I didn’t get to offer touch to my client in the way I was trained in and wanted to practice. I didn’t get to have the deep, intimate conversations I love having. I didn’t hit the moment of confidence of knowing exactly what I was doing (not in that first session anyway). I didn’t get to hold them close, and break through all their barriers like I wanted more than anything else to do. Not much about what I was doing fed me directly because I wasn’t getting any ego points.

And yet, Taylor cried through the entire session. What we were doing was supremely helpful, and immensely important for them.

In order to get have been able to truly be of service, I had to let go of what I thought was best for Taylor. I had to really trust that they knew what they wanted. I had to stay present and humble. 

That’s when it began to sink in that it really is not about me.


Who is the Gift For?

Betty Martin, a consent expert teaches that in order to dive into pleasure, we need the safety of choice and clarity. We have to very clear about who this space is for. If our intent is to be truly and generously giving when it comes to touch, we have to be open to being completely present to the other person and give them our full attention. It has to be clear on both sides, who this act is for. That way, what we are doing can be received in full. We will make room for the receiver to ask specifically for what they want, and to communicate any desire for adjustments to make it just perfect. When we’re able to do this, there will be no fake gratitude, or having to pretend to enjoy the touch we are receiving.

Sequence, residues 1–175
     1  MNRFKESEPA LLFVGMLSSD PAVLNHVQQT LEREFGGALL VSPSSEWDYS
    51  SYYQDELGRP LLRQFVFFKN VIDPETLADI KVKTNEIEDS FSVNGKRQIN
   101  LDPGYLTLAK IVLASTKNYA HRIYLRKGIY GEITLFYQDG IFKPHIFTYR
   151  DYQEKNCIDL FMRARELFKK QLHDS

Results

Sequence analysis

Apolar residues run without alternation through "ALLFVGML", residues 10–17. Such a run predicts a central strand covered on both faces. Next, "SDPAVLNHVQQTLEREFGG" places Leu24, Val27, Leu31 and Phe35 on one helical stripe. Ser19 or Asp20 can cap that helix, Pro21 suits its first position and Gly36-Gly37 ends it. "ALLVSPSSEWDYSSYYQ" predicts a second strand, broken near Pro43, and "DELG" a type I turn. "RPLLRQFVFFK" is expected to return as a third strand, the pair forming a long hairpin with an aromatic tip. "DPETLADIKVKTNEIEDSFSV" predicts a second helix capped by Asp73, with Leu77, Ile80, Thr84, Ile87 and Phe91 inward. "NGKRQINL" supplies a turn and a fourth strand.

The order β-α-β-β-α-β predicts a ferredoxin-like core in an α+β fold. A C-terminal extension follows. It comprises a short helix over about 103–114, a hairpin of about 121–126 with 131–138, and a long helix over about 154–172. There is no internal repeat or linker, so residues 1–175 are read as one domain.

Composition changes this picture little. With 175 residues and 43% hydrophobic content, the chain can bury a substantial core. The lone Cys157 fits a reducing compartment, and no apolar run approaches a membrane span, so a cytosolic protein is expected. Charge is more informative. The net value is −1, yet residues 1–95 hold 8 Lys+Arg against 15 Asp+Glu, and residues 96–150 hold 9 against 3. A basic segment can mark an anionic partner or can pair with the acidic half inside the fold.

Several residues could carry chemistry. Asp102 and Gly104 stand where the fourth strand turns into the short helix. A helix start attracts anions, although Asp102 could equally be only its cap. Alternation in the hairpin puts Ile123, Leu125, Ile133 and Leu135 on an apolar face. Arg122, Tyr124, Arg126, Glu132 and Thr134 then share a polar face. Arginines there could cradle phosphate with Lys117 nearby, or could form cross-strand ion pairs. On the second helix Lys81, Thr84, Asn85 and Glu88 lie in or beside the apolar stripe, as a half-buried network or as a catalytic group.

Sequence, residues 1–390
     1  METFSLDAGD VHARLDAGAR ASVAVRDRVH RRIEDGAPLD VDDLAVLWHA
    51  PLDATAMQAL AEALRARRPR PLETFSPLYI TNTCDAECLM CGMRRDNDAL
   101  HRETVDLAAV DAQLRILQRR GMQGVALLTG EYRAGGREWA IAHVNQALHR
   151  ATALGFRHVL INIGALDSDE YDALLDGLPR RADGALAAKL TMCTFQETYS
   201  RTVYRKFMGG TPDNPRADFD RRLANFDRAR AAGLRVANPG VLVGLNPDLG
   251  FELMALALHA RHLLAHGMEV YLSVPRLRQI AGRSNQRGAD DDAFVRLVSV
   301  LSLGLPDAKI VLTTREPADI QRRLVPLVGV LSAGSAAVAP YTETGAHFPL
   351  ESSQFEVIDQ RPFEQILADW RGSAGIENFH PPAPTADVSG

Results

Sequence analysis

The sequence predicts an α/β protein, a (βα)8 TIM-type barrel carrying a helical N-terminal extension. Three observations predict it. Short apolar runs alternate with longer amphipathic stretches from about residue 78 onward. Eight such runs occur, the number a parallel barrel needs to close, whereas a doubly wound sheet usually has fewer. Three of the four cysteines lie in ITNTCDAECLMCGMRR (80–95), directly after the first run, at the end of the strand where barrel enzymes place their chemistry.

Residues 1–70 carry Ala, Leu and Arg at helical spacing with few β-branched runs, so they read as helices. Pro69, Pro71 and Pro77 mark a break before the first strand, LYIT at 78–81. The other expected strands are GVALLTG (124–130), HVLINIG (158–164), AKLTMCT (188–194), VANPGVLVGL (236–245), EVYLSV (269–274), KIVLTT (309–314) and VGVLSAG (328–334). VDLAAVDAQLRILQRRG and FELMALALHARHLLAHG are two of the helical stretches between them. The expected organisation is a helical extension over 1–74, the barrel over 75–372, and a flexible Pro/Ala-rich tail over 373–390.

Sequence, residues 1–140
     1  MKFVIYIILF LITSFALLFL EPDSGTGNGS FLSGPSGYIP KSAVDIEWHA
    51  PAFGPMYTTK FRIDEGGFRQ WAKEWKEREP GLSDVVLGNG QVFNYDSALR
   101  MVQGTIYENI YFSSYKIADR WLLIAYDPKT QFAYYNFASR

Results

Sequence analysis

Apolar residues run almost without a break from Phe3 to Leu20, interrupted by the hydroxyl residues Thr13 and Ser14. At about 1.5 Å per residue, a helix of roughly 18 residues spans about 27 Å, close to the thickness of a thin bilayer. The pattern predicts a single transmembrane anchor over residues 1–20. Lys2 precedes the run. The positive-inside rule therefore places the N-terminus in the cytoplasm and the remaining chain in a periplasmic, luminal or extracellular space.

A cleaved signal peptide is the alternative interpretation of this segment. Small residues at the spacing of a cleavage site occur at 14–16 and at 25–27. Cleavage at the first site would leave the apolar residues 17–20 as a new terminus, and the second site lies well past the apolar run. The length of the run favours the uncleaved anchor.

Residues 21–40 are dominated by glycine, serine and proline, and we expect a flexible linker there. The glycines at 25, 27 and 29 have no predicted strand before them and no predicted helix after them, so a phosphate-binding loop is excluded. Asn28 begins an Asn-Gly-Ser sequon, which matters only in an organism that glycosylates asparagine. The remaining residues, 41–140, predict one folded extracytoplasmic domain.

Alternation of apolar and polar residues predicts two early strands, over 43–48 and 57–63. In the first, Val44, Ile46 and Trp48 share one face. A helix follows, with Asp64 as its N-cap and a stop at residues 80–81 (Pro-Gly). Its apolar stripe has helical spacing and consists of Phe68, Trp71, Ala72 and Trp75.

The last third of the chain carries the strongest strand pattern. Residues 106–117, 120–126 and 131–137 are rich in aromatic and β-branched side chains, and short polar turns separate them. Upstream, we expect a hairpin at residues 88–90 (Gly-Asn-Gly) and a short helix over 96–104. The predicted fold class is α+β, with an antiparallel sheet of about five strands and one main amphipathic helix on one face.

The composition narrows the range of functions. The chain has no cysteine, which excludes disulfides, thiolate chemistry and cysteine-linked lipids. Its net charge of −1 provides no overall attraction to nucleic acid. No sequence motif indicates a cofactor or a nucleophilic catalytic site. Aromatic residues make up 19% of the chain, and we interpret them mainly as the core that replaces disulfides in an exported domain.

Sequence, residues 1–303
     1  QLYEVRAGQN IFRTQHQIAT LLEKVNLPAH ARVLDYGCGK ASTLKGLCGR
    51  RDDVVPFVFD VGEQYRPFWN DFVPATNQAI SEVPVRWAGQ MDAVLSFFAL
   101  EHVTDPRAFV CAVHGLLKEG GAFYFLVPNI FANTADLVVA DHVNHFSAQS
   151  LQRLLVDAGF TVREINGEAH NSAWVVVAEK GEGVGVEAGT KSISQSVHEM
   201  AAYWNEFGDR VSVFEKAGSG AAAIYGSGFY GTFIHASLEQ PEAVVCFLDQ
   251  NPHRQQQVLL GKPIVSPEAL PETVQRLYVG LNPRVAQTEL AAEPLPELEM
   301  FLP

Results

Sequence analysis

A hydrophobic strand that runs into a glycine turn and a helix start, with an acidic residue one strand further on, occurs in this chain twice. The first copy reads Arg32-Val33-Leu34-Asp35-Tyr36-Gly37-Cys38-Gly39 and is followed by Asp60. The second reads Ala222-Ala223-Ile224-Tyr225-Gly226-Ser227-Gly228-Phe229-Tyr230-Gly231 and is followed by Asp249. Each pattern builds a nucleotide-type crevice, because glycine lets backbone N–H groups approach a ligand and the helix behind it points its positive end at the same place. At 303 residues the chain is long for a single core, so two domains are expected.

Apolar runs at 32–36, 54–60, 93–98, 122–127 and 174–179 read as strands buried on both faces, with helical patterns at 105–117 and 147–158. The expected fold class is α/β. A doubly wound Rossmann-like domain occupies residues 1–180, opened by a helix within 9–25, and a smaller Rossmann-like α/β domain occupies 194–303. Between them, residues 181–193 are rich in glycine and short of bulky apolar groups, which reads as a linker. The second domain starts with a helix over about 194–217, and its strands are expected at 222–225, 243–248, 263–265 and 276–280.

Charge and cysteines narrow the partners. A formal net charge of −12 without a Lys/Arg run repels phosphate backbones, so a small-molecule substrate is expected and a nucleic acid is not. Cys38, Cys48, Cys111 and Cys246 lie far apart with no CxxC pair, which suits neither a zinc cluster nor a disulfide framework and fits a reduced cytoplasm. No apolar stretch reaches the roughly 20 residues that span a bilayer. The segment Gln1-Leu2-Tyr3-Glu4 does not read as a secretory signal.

I’ve since had many more opportunities to refine my ability to give in a way that is truly about the person I’m giving to. I’m still not perfect at it, but I think I’ve figured out a few pre-requisites that need to be in place for truly generous giving. 

1. Come with a Full Tank 
If we’re feeling in need ourselves, it becomes difficult to turn our focus completely outward. Getting our own needs filled requires us to get good at taking care of ourselves, and learning to receive as well. If we have opportunities where we are allowed to touch for our own pleasure, then we no longer have to “sneak” it in during the time of giving.

2. Clearly Delineated Space 
It’s not possible for any of us to be endlessly generous all the time. That’s why creating a space with the intent of fully giving helps create focus. Set aside a specific length of time, anywhere from 3-minutes to a couple of hours if you wish. Make it clear who the giver and receiver is, and allow yourselves to fully sink into each role.

3. Honor Your Boundaries
It’s difficult to be wholeheartedly present if we’re feeling compromised. If you want to feel truly generous, you have to make sure that you have practice knowing where your own boundaries are. Only give what you can with a full heart. Tolerating doing something for someone else can build up resentment and inhibits us from being able to access pure generousity

4. Communication
Get good at learning to communicate your needs, and to check-in frequently about the needs of others. When solid communication is in place, there’s no need for guessing, and you can feel confident that what you’re doing is just perfect.


Being in the role of a wholehearted giver takes a lot of internal work, but I hope you explore it. There is such a freedom in being completely attuned to another person. You’ll discover a whole new level of joy from knowing that you’re truly being of service.